Showing posts from June, 2020

God, the jealous lover?

Today's gospel reading (Matthew 10:37-42) starts with one of those really challenging passages that priests and deacons must dread having to preach on. Actually, Matthew's version is not nearly as tough as the parallel in Luke, who requires us to go so far as to  hate  father and mother, spouse and children, brother and sister, and even our own life, if we want to be counted as true disciples. Matthew just says we mustn't  prefer  them to Him.  Still ... where is Jesus coming from with this? It's pretty strong stuff.  Earliest monastic tradition certainly took it seriously. Monks and nuns were meant to renounce their family relationships along with their property and position. Why, what's the point? I mean, I (with the agreement of my spiritual director) explicitly refuse to do that, as a hermit, among other reasons because family relationships go both ways. I can't deprive myself of my family without depriving my family of me, and I don't feel that I have t


Today is the Catholic feast of Corpus Christi -- the Body of Christ. I was lucky enough to be able to go to Mass. This feast celebrates the doctrine of transubstantiation, which is that the bread and wine at Mass actually become, literally, the body, blood, soul, and divinity of Christ, with only the external appearance of bread and wine remaining. It looks like bread and wine, and it tastes like bread and wine (actually, the bread doesn't taste like anything much), the wine smells like wine, but on a mystical level, in its inmost reality, it IS God incarnate. I can't really come up with a metaphor for this ... the closest that occurs to me is what happens sometimes in a dream, when someone looks and talks and acts like your Aunt Mabel, but you know , somehow, that it's really your late husband. You know?  Anyway, I wanted to riff on something from my last blog post a few days ago, and I'm going to keep this quick and try to post it before Compline tonight. I said some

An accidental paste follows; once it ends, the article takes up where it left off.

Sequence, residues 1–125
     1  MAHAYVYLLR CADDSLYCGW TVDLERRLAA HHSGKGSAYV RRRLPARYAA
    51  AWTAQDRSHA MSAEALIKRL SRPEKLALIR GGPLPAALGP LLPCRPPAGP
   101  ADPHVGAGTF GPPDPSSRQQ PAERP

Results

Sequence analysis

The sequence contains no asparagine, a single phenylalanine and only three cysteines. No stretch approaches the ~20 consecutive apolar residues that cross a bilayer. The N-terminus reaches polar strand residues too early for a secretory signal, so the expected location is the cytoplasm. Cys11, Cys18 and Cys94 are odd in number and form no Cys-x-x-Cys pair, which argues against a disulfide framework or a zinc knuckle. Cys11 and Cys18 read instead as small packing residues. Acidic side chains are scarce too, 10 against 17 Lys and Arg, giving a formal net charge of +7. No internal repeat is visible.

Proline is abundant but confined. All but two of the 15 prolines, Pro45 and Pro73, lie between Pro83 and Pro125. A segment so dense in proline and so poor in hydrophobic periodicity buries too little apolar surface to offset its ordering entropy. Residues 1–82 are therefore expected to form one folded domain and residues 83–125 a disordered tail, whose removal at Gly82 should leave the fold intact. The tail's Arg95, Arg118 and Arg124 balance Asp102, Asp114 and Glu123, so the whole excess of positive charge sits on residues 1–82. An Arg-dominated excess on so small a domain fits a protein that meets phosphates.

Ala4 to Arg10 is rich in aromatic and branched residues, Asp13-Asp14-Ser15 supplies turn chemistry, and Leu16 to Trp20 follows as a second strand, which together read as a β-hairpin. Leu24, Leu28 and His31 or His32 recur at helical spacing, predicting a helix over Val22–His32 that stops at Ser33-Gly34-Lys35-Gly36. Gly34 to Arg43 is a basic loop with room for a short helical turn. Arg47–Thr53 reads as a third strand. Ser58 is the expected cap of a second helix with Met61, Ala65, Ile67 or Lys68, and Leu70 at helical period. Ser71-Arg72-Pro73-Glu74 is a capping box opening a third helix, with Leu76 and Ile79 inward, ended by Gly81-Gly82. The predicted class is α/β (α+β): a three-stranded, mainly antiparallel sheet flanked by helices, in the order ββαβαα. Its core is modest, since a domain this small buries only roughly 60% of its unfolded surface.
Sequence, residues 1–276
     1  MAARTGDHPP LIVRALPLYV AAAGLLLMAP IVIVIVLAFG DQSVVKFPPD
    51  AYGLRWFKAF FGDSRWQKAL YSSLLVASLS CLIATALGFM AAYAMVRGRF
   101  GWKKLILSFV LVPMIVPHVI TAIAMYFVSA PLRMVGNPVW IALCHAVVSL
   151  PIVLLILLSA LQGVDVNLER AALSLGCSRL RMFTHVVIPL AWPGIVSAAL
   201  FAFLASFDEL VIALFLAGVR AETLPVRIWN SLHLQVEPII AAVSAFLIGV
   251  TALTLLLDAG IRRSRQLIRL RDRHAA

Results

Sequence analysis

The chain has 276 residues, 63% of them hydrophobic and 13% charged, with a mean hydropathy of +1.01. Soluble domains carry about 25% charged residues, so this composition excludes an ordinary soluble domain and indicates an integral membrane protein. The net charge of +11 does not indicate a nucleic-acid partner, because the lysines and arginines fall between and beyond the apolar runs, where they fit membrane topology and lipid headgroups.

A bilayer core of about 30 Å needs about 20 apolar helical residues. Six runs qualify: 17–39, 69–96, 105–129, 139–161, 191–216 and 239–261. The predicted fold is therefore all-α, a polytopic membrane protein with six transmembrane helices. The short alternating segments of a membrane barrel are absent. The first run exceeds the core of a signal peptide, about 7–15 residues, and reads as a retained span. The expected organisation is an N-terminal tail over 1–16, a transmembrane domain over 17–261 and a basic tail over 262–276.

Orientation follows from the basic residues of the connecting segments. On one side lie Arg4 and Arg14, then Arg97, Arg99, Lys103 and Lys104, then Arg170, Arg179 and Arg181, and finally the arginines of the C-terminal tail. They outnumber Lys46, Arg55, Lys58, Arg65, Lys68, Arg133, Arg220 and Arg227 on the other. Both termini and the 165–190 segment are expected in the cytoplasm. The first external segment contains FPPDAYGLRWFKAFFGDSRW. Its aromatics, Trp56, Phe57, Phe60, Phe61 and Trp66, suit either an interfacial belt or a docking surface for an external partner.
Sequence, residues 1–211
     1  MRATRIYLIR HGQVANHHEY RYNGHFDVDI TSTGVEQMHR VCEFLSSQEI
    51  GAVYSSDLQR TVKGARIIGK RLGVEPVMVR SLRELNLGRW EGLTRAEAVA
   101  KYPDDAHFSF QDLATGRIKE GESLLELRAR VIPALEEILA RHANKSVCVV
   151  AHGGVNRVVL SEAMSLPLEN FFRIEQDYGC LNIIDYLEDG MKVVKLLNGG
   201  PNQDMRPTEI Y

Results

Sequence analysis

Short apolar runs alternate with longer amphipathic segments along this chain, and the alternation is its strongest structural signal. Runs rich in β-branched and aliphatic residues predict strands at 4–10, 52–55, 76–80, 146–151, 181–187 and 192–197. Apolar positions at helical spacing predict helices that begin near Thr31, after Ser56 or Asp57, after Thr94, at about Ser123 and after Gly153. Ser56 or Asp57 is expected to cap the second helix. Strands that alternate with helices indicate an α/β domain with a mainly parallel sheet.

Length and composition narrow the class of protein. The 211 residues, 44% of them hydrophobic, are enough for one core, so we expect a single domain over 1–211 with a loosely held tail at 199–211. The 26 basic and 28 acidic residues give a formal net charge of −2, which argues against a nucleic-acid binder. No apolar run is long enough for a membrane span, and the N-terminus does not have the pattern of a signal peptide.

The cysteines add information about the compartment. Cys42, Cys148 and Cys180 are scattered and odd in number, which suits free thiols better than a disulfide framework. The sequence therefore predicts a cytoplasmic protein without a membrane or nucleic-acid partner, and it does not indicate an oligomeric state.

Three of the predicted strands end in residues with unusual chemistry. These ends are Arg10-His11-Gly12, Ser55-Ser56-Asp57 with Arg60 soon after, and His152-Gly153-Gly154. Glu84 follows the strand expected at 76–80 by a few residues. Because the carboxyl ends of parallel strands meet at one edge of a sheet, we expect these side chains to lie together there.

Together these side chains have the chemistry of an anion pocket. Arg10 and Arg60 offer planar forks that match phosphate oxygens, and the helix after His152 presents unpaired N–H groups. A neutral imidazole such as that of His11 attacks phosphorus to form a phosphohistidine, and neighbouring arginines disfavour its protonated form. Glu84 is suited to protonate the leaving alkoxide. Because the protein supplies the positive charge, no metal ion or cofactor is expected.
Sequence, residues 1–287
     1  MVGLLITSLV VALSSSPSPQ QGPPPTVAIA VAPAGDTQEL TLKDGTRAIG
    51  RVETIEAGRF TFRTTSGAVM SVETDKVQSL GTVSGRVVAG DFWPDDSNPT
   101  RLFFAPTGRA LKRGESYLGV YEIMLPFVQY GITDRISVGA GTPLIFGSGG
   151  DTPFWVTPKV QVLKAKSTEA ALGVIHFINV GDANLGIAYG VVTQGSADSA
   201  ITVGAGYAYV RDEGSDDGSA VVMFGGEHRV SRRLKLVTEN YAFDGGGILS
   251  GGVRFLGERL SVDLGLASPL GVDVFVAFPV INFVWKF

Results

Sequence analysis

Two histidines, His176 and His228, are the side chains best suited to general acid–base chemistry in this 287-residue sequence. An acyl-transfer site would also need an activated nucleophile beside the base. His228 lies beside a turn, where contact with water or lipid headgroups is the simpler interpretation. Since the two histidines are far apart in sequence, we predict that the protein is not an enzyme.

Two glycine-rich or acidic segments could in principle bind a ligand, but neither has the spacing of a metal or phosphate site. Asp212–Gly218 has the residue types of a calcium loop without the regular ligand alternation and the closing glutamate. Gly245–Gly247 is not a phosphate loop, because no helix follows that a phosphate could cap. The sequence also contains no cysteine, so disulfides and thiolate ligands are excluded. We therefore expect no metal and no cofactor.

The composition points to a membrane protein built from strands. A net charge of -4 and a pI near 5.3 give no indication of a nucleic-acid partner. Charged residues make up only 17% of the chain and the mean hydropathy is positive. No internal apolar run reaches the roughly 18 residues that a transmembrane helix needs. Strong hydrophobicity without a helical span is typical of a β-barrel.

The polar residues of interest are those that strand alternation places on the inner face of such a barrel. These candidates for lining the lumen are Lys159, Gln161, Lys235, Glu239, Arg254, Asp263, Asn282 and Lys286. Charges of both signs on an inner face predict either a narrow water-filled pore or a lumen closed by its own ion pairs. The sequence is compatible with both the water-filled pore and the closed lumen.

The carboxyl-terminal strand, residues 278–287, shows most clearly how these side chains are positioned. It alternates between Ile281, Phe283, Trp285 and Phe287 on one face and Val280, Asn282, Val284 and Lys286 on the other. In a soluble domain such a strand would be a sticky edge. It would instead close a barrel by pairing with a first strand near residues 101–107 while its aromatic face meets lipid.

At Home in the World

There's a gospel hymn that says "this world is not my home," and indeed it's a familiar theme. We're pilgrims in this world, just passing through, with our eyes and our hearts on Heaven. But I want to turn that around, and say that unless we make our home in this world, we can't reach the eternal home later on. I don't mean to contradict that other sentiment, just to point out what it really means and where it falls apart if misinterpreted or taken too far. So what does it mean, properly, to say that "this world is not my home?" I think it means that we shouldn't get too hung up on worldly prosperity, security, or status. We should be willing to sacrifice everything for our conscience's sake, confident that there are consequences beyond what we can see in front of us. But where it can fall apart is in a tendency to spiritual   selfishness. We want to climb the mountain and then stay there. We want to live the ideal holy life, and we wan